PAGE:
Fair Work Ombudsman – change in position for pet groomers employed by pet grooming businesses.

Following a decision of a Full Bench of the Fair Work Commission earlier this year, the Fair Work Ombudsman has had to change its view on certain coverage issues relating to the Miscellaneous Award. In the decision, United Voice v Gold Coast Kennels Discretionary Trust t/a AAA Pet Resort [2018] FCWFB 128, the Full Bench adopted a narrower interpretation of occupations that are excluded from coverage under the Miscellaneous Award than has been understood to apply. Importantly for pet groomers employed by pet grooming businesses, this has resulted in a change in position regarding the Fair Work Ombudsman’s (FWO’s) advice concerning award coverage for this occupation. The FWO has today published updated advice regarding award coverage for employees working as pet groomers for a pet grooming business. Please see our Library article Award coverage for pet groomers. Background to the change If an employee is not covered by an industry or occupation-based award, they may be covered by the Miscellaneous Award. Determining coverage under the Miscellaneous Award can be complex and, until recently, there has been limited guidance from a Court or Tribunal about how the coverage provisions in the award are intended to operate. On 12 January 2018, a Full Bench of the Fair Work Commission handed down a decision, United Voice v Gold Coast Kennels Discretionary Trust t/a AAA Pet Resort [2018] FCWFB 128, which took a broader approach to considering the exemption under clause 4.2 of the Award. The Full Bench found that employees will not be covered if they have not traditionally been regulated because they are a manager or a ‘specialist white collar professional’.[1]...

World Rabies day is on September 28

Australian animal charity shares a vital message on World Rabies Day Dog-mediated virus 99% fatal, 100% preventable World Rabies Day is on September 28 and Australian-based international animal charity Vets Beyond Borders is embracing this year’s awareness theme by bringing this deadly dog-mediated disease to Australia’s attention. “Rabies kills thousands of people around the world every year. It is nearly always fatal - only a few people in the world have survived treatment. But it’s 100 per cent preventable by vaccination,” said Maryann Dalton, CEO of Vets Beyond Borders (VBB). Rabies infection is caused by the rabies virus, which is spread through the saliva of infected animals by biting another animal or a person, and it is always fatal once clinical symptoms appear. Australia is free of rabies, but tragically the virus kills approximately 59,000 people every year – 40 per cent children in Asia and Africa¹. Rabies also causes financial hardship when people have to pay for vaccination after bite wounds.  An estimated more than 5.5 billion people live at daily risk of rabies². World Rabies Day is created and coordinated annually by Global Alliance for Rabies Control (GARC) and is the first and only global day of action and awareness for rabies prevention. This year’s theme is Rabies: Share the message. Save a life and highlights the importance of education and awareness to prevent rabies.  Click here for GARC World Rabies Day awareness events in Australia. “Dog bites cause almost all human cases of rabies. We can prevent rabies deaths through increased awareness, vaccinating dogs to prevent disease at its source, and timely life-saving post-bite treatment for people,” said Ms Dalton. Through...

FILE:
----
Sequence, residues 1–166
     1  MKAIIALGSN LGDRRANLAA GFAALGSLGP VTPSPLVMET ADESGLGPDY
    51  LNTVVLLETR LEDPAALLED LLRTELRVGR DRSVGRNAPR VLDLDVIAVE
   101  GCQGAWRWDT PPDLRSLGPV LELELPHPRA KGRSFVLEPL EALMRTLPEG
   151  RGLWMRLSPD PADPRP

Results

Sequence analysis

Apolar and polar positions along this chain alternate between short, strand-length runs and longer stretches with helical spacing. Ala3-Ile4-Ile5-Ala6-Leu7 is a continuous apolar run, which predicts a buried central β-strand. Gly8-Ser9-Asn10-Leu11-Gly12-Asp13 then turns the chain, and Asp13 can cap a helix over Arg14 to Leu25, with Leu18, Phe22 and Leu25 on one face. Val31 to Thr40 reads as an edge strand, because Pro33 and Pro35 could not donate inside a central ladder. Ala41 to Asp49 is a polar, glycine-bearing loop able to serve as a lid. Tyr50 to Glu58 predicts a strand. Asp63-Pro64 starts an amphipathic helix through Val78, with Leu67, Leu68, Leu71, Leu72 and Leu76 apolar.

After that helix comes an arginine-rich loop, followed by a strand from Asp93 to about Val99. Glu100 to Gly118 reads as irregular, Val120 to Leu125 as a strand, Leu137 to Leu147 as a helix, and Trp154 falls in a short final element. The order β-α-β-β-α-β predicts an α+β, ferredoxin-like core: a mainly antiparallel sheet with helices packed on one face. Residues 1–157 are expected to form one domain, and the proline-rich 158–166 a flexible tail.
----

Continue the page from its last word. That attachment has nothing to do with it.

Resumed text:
Act now and put a tick prevention plan in place for pets

With the warm weather now in play and the high season for ticks, the Australian Veterinary Association (AVA) is encouraging pet owners to talk to their veterinarian now about ways to prevent serious harm or death from toxic ticks. President of the AVA Dr Paula Parker said that as the weather warms up, dog and cat owners need to be vigilant, particularly in tick prone areas.  “Ticks breed mainly along the east coast of Australia in warm and humid weather so now is the time for pet owners to ensure they take preventive measures to avoid what can sometimes be a fatal outcome,” she said. We now have highly effective, safe, APVMA approved tick preventatives for dogs and cats. Pet owners should speak to their local vet who can advise on the best prevention method for their situation and type of pet. “Paralysis ticks tend to attach to the head and neck area of the pet and on the chest and the front of the leg but can generally be found on any part of the body. Ticks release a toxin when they feed, which leads to a condition known as tick paralysis. Common signs of tick paralysis include difficulty walking, gurgling and choking. Dogs may not be able to bark properly.” Dr Parker said that ideally pet owners should check dogs and cats regularly by running their hands over the animal to feel for anything unusual. “In cats, ticks often latch around the neck where they can’t groom, so it’s important to pay special attention to this area. If you think your pet has a tick the best course...